Recently, you’ve started creating paintings based on source images taken from flying in a helicopter across N. America. Can you tell us more about how you got started with this idea?

I’ve been flying for over a decade. It isn’t difficult to sit in a helicopter but it is out of the ordinary experience of most folks and that’s kind of the whole point. The aerial view, just a few hundred feet of separation from how we usually view our life, makes a world of difference. We go through life each day and drive on streets that are familiar; when we get to view a bigger picture of that daily experience, things shift inside of us: some things that seemed important might not be so. Some things might become more important to us. A calmness sets in and maybe a new understanding. It’s a different perspective, get it?

What does winning the Griffith-Reyburn award mean to you?

Words can’t express how grateful I am, but I can try. Since I was told of my winning the Lowcountry award, I have shown my work internationally, won merit awards and I am now represented by two galleries in the U.S. I don’t think I would have felt that I could even attempt those things before. It’s a dream come true. It’s an honor.

Join us on November 3 from 6-8pm for the opening of OVERSIGHT. Exhibiting through November 30, 2017. 

 

detail of Murmurs of Life

An Artful Dinner

Charleston is a haven for creative minds. Having lived in this paradise for 10 years I've crossed paths with some super cool, forward thinking entrepreneurs. A few weeks ago a handful of these colorful characters and I decided to throw a Monday night dinner party in the gallery... Needless to say it was one for the books. 

A huge thank you to Alex Klaes of Naked Eyes (our fav Charleston jewelry duo) for the phenom photos. 

 

Pure Fluff spun cotton candy for us and it even made into the cocktails! Hello, Flufftail! 

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The food was from Hamby, which is a Charleston party staple! 

The food was from Hamby, which is a Charleston party staple! 

A killer tablescape made by the joint forces of Yoj Events, Frampton's Flowers, and Coastal Kelder. 

A killer tablescape made by the joint forces of Yoj Events, Frampton's Flowers, and Coastal Kelder.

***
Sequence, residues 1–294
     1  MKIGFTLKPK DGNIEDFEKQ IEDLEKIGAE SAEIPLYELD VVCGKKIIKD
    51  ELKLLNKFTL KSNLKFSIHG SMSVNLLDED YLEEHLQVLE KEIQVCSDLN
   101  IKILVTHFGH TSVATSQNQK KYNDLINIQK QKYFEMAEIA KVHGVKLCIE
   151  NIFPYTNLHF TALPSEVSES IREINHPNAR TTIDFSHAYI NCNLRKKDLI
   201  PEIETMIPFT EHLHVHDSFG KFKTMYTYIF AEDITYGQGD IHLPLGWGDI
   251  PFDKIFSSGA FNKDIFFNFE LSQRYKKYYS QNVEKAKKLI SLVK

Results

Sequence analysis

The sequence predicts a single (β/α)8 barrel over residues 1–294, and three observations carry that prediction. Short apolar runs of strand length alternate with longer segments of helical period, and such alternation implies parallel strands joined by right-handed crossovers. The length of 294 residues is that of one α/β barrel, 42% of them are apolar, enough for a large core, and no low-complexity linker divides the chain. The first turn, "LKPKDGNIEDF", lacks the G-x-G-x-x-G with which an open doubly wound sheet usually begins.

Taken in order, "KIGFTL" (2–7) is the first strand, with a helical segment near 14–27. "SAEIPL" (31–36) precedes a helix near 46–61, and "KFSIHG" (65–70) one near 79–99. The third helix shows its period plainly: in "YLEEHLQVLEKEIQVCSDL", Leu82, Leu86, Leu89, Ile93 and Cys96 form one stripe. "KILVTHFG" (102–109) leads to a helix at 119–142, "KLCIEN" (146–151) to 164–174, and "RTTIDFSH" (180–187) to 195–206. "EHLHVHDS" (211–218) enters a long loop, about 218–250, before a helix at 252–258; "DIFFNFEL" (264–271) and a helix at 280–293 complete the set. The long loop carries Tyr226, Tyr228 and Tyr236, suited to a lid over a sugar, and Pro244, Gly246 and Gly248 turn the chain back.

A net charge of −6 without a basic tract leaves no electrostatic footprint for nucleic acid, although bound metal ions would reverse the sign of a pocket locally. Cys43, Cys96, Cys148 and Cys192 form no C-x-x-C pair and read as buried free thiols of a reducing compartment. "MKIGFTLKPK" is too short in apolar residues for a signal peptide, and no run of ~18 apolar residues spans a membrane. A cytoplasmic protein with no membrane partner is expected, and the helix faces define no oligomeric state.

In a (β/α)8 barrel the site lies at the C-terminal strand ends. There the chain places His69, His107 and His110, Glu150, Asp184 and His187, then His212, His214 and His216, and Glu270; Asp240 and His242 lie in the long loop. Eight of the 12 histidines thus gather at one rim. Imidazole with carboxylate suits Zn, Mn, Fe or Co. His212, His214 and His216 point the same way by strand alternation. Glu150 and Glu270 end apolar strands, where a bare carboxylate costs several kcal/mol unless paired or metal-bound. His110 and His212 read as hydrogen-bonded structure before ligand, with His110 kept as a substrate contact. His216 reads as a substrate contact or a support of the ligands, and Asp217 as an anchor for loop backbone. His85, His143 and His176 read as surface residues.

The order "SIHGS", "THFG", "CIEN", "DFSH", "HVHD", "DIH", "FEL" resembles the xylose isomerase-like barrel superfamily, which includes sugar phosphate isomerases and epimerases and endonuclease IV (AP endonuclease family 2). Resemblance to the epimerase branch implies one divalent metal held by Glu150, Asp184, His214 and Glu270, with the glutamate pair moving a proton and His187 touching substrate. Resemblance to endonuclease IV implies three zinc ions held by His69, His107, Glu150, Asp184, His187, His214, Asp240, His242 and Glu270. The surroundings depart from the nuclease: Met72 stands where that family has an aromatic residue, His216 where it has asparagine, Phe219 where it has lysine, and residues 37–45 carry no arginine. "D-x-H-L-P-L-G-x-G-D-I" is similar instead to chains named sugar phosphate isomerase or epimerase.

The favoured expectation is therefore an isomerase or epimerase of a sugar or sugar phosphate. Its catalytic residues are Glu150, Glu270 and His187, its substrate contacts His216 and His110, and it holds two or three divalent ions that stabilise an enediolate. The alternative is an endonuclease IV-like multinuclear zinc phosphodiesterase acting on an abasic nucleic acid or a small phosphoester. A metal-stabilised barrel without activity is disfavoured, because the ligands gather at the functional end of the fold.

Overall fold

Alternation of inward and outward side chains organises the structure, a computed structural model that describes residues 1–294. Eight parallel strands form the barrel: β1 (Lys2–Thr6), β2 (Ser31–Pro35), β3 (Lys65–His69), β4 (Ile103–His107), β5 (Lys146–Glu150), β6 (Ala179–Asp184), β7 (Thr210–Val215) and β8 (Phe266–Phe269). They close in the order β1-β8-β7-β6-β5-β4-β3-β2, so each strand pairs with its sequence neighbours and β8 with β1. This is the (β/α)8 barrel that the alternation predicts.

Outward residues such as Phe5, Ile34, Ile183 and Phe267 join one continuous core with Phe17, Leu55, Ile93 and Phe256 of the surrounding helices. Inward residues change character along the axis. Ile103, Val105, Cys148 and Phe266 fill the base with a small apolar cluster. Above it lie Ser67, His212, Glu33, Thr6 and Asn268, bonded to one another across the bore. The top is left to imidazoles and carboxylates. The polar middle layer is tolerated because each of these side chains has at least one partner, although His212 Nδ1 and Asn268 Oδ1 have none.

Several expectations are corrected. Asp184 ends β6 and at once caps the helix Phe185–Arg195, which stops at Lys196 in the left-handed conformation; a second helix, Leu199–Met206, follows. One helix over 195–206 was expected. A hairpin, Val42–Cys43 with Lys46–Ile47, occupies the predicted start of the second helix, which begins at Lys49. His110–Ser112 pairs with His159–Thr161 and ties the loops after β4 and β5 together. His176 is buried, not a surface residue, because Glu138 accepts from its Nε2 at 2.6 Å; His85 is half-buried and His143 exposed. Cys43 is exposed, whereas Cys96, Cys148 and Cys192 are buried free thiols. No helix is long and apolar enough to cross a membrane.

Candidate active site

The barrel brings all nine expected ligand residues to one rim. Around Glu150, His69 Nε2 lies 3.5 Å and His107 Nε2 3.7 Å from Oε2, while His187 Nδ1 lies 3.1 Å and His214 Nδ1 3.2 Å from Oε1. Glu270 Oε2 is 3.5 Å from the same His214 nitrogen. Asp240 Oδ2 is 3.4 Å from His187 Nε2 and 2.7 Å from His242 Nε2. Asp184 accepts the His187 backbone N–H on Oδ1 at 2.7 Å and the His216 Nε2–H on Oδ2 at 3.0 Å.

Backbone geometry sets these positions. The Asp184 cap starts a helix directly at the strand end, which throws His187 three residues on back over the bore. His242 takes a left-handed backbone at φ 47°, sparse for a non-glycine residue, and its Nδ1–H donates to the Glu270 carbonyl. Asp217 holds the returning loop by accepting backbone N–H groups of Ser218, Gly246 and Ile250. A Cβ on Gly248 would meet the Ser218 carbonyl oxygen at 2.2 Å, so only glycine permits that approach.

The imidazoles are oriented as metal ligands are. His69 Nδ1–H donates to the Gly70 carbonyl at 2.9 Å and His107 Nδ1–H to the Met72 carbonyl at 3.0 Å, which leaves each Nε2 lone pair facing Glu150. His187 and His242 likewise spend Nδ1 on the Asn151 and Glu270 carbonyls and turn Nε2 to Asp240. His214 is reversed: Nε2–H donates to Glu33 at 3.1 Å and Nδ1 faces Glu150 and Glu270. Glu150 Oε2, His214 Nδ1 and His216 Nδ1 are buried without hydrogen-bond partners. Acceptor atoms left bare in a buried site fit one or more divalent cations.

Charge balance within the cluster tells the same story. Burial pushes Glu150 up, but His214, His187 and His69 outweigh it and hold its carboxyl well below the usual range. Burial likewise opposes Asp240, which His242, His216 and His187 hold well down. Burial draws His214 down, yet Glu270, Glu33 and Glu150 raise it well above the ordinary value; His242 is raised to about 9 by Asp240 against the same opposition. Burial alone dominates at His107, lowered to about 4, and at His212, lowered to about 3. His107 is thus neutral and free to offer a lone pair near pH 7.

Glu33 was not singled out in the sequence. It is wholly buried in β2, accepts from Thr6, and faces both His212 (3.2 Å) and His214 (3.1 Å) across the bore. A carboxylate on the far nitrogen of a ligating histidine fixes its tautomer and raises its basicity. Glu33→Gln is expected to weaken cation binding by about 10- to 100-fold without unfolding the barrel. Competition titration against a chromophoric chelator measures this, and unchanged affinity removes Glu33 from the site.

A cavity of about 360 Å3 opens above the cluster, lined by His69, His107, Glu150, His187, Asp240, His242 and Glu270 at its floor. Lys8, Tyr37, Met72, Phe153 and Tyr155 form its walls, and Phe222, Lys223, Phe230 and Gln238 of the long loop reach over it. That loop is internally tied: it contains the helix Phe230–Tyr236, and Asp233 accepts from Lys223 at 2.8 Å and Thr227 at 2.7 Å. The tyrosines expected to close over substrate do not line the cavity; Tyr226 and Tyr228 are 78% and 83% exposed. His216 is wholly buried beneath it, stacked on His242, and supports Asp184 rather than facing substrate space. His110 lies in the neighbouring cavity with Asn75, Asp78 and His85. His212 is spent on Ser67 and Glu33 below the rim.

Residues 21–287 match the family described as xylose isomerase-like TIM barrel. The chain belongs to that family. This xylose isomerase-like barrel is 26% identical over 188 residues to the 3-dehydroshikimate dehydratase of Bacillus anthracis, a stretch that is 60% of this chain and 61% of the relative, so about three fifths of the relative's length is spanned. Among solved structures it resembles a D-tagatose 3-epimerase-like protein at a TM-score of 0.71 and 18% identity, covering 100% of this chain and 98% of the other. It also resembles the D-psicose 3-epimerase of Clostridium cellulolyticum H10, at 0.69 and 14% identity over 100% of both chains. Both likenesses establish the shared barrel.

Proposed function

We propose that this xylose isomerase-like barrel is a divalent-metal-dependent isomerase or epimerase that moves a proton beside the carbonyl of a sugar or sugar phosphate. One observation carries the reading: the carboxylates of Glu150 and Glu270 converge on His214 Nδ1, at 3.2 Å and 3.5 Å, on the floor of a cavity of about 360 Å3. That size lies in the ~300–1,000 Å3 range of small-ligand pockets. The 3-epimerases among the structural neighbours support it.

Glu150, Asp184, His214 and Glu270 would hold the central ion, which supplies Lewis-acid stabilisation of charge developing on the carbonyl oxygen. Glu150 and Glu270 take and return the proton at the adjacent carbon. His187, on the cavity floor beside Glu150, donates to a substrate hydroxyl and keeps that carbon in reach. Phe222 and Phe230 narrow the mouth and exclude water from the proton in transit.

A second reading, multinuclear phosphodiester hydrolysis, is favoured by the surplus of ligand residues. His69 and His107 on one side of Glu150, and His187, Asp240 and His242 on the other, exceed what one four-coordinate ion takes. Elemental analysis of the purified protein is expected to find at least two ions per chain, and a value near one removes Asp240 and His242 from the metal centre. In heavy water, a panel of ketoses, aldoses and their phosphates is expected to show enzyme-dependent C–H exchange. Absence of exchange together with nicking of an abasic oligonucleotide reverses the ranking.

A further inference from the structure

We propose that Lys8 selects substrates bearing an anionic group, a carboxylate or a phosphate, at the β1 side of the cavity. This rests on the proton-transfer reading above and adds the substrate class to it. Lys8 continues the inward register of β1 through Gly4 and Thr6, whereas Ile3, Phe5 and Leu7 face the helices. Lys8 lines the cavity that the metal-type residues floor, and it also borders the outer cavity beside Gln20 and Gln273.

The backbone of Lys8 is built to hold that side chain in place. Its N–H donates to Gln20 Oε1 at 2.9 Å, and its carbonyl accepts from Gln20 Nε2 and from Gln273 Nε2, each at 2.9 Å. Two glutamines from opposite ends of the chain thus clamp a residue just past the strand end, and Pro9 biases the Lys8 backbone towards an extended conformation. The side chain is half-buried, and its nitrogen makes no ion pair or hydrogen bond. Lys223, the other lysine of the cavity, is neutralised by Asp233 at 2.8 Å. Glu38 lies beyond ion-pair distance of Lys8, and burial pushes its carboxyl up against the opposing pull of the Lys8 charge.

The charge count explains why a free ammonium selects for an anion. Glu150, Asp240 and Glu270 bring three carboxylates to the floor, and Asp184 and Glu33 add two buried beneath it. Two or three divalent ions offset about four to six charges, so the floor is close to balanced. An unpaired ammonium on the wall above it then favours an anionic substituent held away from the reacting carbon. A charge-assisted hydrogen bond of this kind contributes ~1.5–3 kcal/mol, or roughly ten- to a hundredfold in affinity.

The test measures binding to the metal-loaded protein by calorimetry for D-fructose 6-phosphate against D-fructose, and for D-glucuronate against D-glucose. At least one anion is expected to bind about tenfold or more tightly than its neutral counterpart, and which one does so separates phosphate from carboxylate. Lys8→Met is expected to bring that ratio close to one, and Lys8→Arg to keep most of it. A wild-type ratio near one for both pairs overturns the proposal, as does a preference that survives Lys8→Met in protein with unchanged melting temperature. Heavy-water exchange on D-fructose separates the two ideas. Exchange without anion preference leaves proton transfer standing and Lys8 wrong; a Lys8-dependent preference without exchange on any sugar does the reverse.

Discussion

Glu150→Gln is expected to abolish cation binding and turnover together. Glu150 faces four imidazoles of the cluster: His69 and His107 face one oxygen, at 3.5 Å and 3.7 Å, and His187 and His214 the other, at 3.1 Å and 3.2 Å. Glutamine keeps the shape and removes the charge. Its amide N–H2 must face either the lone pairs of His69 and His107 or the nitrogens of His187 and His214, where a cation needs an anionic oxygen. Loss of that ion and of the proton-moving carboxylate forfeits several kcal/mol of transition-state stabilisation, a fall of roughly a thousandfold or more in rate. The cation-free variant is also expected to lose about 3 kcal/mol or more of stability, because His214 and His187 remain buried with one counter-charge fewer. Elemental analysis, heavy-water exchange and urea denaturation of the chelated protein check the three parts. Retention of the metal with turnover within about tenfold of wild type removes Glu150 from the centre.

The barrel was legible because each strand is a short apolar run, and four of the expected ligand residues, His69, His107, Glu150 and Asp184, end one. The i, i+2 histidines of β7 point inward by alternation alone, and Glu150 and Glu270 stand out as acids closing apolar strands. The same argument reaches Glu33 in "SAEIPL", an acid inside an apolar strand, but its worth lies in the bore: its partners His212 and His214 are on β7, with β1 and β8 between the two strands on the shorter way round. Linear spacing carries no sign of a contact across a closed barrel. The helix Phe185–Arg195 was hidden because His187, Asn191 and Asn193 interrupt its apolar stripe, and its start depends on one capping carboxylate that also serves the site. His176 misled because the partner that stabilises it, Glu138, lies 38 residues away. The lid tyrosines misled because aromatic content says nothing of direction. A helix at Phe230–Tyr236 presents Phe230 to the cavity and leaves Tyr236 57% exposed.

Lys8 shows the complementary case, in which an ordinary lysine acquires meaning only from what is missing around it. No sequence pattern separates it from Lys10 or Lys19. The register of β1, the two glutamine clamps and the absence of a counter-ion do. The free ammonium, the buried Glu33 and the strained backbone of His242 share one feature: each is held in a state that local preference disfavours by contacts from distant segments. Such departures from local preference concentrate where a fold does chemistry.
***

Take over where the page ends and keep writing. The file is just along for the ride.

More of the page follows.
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The gallery was perfect for our dinner party. Let us know if you'd like to host your own at Miller Gallery! We know a few people who could make it a night to remember.


Want to know all the details? Follow my friends on Instagram here:

-Venue: @millergalleryCHS

-Styling: @yojevent

-Rentals and Tabletop: @eventworksrentals

-Floral: @framptonschs 

-Flufftails and Cotton Candy: @purefluffco

-Photography: @apklaesphoto

-Catering: @hambycatering 

-Music: @sethgmusic 

-Napkin Rings, Oyster Candles, Specialty Glasses: @coastalkelder 

Finding a balance

At the end of June we blogged about placing contemporary art in a historic home. A lot of people responded with questions about mixing contemporary and traditional art in the same space. Personally, I think a true art lover is drawn to all things beautiful or intriguing - whether they are old or new! Here are a few tips on finding the balance. 

1. Use color as a guide.

Great artists know how to use colors together. You'll find similarities in color combinations used by artists who understand color theory, whether they were painted in the 1800s or 2017! 

 

Flowers by Vincent Van Gogh, 1890s

Doing My Happy Dance, 36" x 36" $3,900 by Dixie Purvis, 2016

2. Tie a space together thematically. Where have you traveled? Where have you lived? 

Your collection is comprised of what speaks to you. I've seen African art rooms, spaces filled with pieces from a lifetime of travels, and sun rooms with only florals. They all work! 

from the Hudson River School, circa 1860, Albert Bierstadt 

from The Deep Series, 12 x 12 Kate Hooray Osmond 

3. Light it properly. 

You love your art. Don't treat it as if you don't! Lighting can make a huge difference in a space, especially if you're highlighting various genres of art. Let each piece sing and your varied collection will make a lot more sense to those enjoying it with you. 

4. Don't be afraid to ask for help. A few hours of work can revamp your entire home and an entire lifetime of collecting! We offer consulting services up and down the East coast. Collection curation, proper lighting, framing, it's easy with a little help from someone you trust.